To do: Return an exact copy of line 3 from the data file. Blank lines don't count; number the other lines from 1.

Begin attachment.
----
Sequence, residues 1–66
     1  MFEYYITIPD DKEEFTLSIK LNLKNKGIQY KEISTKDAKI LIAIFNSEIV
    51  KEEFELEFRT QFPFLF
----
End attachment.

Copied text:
    51  KEEFELEFRT QFPFLF